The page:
Currently reading: Audi starts testing next-generation A5 coupe
New engines and styling for second-gen A5, which will take on rivals from Mercedes and BMW when it goes on sale in 2016

This is our first look at Audi's next-generation A5 coupé, which will launch one year after the all-new A4 saloon comes to market in late 2015.

While this early test mule wears bodywork from the current car, it is understood to be testing chassis components for the new model. Like the new A4, the next A5 will be based on Volkswagen Group's second-generation MLB platform.

Engines for the new model should also be shared with the A4. That means a range of longitudinally-mounted 1.4, 1.8 and 2.0-litre TFSI units will feature alongside 1.6 and 2.0-litre diesels.

At least some of the petrol options will also get cylinder shut-down technology, with CO2 emissions of less than 100g/km also probable from one or more models - both moves are part of an increased drive for efficiency from Audi.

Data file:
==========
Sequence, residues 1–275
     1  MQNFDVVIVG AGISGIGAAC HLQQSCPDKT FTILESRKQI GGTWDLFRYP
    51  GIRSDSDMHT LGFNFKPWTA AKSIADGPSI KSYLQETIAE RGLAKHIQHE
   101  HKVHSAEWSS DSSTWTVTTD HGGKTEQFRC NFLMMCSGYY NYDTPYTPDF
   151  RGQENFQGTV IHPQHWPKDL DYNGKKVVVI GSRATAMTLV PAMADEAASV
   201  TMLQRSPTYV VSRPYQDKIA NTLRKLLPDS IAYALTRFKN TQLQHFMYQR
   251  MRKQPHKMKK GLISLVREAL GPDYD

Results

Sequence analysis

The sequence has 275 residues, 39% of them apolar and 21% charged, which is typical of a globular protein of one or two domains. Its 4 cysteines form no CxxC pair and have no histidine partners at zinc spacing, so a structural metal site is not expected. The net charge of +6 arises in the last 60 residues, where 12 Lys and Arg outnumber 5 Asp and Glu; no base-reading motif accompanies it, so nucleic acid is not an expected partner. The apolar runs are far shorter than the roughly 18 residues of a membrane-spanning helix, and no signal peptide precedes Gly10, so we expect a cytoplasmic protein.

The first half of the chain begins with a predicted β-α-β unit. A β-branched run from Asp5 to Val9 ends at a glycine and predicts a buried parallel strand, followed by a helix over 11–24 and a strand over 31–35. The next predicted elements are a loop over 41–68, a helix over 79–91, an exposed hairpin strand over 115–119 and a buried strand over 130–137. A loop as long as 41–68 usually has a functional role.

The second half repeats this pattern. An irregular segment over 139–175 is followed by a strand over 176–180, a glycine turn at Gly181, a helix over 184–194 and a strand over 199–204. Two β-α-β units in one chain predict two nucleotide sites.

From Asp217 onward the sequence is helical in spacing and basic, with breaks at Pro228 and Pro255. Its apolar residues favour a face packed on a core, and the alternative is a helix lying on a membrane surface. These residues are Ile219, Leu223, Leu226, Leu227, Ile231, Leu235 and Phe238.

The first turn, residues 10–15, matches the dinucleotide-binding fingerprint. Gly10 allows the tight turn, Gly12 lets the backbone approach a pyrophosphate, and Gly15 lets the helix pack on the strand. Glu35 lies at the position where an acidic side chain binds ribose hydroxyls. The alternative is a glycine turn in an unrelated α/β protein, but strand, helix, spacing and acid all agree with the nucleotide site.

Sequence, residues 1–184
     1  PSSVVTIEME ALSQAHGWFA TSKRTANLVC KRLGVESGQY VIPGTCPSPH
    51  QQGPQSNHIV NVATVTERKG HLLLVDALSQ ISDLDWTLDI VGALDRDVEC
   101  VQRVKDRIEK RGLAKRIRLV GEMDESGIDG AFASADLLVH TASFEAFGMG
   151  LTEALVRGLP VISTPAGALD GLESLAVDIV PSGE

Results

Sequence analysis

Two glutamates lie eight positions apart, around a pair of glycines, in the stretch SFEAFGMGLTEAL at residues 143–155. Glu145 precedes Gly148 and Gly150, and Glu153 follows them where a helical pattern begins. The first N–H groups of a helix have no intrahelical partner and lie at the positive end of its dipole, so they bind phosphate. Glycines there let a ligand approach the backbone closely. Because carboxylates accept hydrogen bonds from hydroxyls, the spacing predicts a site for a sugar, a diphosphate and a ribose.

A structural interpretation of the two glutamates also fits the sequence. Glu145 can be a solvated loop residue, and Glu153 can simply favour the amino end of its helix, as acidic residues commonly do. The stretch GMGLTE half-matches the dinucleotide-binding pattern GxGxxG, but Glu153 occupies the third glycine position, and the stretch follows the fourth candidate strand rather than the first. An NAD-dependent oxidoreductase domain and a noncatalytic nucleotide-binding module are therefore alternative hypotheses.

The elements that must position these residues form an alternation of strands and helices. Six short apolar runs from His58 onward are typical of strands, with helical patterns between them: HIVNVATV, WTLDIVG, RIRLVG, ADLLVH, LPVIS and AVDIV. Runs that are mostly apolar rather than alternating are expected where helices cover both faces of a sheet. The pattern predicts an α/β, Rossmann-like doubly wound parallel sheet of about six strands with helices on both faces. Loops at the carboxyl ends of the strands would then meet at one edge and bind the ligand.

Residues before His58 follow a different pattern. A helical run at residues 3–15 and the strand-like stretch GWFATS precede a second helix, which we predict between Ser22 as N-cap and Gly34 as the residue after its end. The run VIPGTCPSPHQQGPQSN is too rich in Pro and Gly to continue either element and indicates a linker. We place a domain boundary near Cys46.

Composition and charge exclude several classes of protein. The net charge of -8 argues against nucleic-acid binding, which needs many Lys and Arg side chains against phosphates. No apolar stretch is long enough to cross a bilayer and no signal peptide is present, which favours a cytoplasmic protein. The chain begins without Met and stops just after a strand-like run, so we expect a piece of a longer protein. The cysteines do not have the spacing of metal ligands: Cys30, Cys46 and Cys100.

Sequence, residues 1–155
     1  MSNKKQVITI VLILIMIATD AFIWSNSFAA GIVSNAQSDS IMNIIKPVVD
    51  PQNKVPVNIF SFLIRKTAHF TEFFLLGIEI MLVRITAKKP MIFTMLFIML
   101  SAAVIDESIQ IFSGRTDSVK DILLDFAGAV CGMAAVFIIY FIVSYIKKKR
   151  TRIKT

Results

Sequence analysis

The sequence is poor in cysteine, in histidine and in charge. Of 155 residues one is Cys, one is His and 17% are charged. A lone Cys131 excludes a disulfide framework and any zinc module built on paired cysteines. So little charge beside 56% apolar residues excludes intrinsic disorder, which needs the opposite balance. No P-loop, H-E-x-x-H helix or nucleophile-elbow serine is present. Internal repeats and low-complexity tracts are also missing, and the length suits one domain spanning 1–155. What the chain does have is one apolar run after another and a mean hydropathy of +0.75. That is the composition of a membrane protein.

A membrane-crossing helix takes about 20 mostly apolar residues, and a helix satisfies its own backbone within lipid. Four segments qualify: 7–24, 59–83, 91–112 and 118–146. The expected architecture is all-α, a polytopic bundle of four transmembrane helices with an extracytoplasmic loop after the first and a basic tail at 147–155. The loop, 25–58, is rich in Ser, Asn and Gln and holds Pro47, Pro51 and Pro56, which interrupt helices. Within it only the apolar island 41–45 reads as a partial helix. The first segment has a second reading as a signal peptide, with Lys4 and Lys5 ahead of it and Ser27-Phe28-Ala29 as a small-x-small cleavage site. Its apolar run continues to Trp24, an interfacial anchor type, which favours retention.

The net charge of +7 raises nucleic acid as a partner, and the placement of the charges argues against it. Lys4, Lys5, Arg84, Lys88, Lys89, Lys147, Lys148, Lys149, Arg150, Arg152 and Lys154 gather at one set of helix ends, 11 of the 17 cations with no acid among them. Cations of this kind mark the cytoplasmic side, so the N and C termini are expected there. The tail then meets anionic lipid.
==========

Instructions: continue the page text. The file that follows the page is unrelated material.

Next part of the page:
A plug-in hybrid model is also planned, using the same 1.4-litre, 148bhp petrol-electric powertrain as the A3 e-tron. A diesel-electric option is also in development. Like the A4, transmission options should include six-speed manual and nine-speed automatics. Both front- and four-wheel drive variants will be offered.

The A5 coupé is set to be one of a number of new variants to be launched following the 2015 A4 saloon, with successors to the current A5 cabriolet and Sportback models likely to appear after.

Inside, Audi will likely continue to use its more recent cabin architecture, and the new A5 could come equipped with the same all-digital instrument cluster and infotainment interface as the third-generation TT. Expect a heads-up display to be offered, too.

Rivals for the new A5 include BMW's 4-series and VW's CC, as well as the Mercedes-Benz C-class coupé. The original car was launched in 2007, with updates in 2011 and 2013.

As with the current car, expect a new go-faster RS5 version to arrive soon after the standard A5 goes on sale in 2016.

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Add a comment…
Paul Bearer 21 August 2014

There's not many cars around

There's not many cars around that can be in production for 9 years and still look as fresh as newer generations of the same class. But I think the A5 won't look much behind the competition before the new model arrives.
disco.stu 21 August 2014

Long life cycle

Interesting that the A5 will have to soldier on for a year after the A4 launches, given that the current car launched over 6 months before the A4. I guess it is a more conventional model cycle to launch the saloon/estate first, but it will mean the A5 will have been in production for 9 years.